Will & Grace Season 3, Episode 7
“What a Dump”
Posted by Sarah
All week, I’ve been wanting to know the significance of this episode’s title. It seemed innocuous enough, but also super vague, so I couldn’t figure it out for the life of me. And then Thursday night happened.
Be careful what you wish for.
This week was the first of two Karen-less episodes, and while I absolutely felt my girl’s absence, this was also probably the week I found myself laughing the most so far this season (although I’m not quite sure what that says about my sense of humor, so let’s just leave it at that, shall we?). The episode’s namesake is a plot that I simultaneously can’t believe I have to recap and can’t believe hasn’t happened sooner; I mean, really, it was only a matter of time before something like this happened to Grace. And on the flip side, Will and Jack finally confront one of the longer running issues in their friendship in true final season fashion, with a little help from a stop light and Estefan’s arsenal of Spanish fairy tales. Apartments are ruined, dignity is lost, and $185 purchases from Balloon Elegance need to be verified, so let’s unpack this one.
Grace runs into James–the guy she kind of blew it with back in “Three Wise Men” by dating his father and his son–in the elevator of their apartment building. And even though she tries to avoid what she’s sure will be an awkward situation the best she can (honestly, that umbrella trick seems solid on paper), James surprisingly offers a fresh start, to see where it takes them. He’s able to keep the past in the past, and he doesn’t mind that Grace is currently pregnant with another man’s child, so why not give it another go? Grace agrees, and she’s feeling great about it. After all, she’s already done the worst thing imaginable to the guy the first time around; there’s absolutely nothing she can do that could possibly top that.
So of course she does something the morning after their date to absolutely top that.
Kids, this is probably the most Grace Adler storyline I’ve ever seen; I’m hard pressed to think of something that tracks for her as hard as this one does. I kind of can’t believe the fact that James was able to get past what happened in “Three Wise Men”–that’s not really something I personally think I could ever disregard, but you do you, sir–but the fact that he does is basically a challenge for Sitcom Land to get its shit together and double down on the awkward circumstances. So if sleeping with all the men in James’ family isn’t going to be the thing to completely turn him off of Grace, maybe Grace accidentally clogging the toilet beyond any kind of repair the morning after a fantastic date will do it.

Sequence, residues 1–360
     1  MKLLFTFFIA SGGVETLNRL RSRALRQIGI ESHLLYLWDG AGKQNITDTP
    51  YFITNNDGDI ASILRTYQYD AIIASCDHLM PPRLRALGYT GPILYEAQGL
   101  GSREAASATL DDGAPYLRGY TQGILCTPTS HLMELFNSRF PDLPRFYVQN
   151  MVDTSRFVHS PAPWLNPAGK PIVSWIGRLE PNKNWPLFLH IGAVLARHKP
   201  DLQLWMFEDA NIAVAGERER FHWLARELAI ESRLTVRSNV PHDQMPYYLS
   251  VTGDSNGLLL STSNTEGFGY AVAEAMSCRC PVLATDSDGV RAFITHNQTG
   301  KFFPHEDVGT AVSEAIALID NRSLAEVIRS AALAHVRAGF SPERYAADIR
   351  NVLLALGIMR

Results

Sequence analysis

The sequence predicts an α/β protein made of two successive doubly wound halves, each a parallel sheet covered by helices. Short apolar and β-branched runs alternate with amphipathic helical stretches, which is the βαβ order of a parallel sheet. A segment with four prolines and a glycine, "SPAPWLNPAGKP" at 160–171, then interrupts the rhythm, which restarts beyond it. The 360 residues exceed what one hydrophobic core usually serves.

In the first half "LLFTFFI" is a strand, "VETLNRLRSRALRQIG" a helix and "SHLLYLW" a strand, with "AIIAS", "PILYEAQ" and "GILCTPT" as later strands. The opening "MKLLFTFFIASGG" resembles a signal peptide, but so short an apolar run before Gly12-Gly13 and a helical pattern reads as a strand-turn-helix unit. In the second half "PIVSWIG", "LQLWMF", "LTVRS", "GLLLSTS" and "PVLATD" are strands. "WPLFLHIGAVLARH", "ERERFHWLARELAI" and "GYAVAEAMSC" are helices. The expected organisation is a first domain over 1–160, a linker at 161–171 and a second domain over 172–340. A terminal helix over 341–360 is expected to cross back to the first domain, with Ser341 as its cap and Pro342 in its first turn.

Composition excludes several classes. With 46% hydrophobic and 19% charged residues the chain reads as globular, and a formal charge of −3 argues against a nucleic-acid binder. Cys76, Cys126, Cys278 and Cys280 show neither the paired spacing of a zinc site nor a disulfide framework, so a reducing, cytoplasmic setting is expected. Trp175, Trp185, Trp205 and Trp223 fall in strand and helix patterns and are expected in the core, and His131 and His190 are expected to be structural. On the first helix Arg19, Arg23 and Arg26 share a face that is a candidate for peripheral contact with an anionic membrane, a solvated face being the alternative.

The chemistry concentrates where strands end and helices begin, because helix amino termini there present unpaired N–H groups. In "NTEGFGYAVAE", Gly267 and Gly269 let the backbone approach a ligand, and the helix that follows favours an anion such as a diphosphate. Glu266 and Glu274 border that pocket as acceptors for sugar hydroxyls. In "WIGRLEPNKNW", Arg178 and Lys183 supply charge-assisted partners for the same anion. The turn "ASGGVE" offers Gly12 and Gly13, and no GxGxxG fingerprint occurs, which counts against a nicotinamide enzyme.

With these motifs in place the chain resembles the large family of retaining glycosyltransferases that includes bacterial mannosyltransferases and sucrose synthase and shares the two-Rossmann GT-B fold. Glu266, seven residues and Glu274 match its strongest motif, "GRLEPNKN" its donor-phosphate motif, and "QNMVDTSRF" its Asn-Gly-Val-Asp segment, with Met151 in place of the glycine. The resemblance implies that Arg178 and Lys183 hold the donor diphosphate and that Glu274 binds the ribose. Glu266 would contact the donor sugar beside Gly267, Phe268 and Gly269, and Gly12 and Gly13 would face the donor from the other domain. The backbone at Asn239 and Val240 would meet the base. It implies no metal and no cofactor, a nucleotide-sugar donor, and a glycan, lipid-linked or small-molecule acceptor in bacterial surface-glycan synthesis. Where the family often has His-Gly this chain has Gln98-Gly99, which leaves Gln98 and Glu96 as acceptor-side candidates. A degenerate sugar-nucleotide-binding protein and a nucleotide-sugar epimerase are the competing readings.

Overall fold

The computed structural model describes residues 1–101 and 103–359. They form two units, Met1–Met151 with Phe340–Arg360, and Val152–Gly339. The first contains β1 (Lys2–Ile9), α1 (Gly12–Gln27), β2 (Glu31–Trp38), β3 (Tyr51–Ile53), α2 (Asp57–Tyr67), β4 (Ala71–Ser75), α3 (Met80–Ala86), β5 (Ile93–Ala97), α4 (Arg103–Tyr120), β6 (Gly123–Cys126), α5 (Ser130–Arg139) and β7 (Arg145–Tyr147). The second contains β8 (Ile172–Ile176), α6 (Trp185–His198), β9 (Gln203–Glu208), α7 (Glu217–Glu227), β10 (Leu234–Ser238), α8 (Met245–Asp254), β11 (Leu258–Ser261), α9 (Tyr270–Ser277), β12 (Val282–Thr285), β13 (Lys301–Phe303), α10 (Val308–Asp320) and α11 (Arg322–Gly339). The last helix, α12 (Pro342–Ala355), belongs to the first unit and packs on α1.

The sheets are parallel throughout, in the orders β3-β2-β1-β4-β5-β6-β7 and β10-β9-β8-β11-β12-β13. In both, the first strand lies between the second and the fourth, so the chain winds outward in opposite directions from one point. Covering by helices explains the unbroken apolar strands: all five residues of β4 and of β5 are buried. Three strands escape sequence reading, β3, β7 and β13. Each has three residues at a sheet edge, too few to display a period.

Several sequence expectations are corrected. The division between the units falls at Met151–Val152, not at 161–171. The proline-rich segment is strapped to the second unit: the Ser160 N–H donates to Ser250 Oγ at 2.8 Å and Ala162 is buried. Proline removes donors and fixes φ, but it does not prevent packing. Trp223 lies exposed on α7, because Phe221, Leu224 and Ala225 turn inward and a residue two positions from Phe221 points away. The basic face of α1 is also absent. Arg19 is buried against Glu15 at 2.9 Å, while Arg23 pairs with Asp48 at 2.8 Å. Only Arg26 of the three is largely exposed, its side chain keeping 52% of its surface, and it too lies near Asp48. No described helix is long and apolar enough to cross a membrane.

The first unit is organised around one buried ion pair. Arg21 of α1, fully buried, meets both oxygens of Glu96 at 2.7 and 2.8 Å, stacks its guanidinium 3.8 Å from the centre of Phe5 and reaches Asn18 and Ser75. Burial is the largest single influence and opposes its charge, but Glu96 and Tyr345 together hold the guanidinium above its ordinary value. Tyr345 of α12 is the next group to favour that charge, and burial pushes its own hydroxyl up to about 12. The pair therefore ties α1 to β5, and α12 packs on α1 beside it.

This whole thing escalated so quickly, gave Debra Messing a chance to play it up in a way she really hasn’t been able to do so far this season, and honestly, I was here for it. The way she flat out starts by calling all the plumbers and telling Will they have to move already sets it up for the most glorious disaster, but it wouldn’t be much without the way Debra lets Grace completely spiral into frantic madness here. The stress and horror of it all is real, as the one plumber that actually answers her call decides he can’t do this without his plumber friend from the zoo, as she calls her sister Janet for last resort advice, and as she eventually sets the bathroom on fire after lighting every scented candle she could find. By the time James comes back to his apartment, the place is so trashed that the only logical thing for Grace to do is tell him that he’s been robbed. Because at this point, who really wants to deal with the truth?
Once the cops are called, Grace knows she’s screwed. And even though she initially tries to play the robbery card, she levels with the female cop in the hopes that telling her the truth will make them leave quietly so that she won’t have to be exposed to James. But where’s the fun in that? Of course the cop bluntly tells her partner and James what really happened, leaving Grace to clean up the mess she made. The damage has already been done, though; there’s no way James is getting past this one, and their romance ends before it really gets started again.
As much as I think this storyline weirdly worked, I can’t help but feel like this would have been something better suited for the previous season. I think part of it might be because every storyline leading up to this has pushed forward every arc of the season in some way, whether it’s Grace’s pregnancy, Will having a baby of his own, or Karen’s baseball team; one-off plots like this feel so random now that we’re getting down to the wire. But there’s also the fact that everything that happened during “Three Wise Men” would have been a lot fresher in our minds if this happened sooner; looking at the promotional stuff for this episode leading up to Thursday night, I very much had a moment of “Wait, why does this guy look familiar?” before remembering his contribution to the Will & Grace universe. It felt like an odd choice to do this now, when final seasons are usually so much about tying up all the loose ends and setting the stage for as satisfying an ending as possible. It didn’t move the overall story anywhere, but it was still entertaining as hell. So at the end of the day, I’ll take it.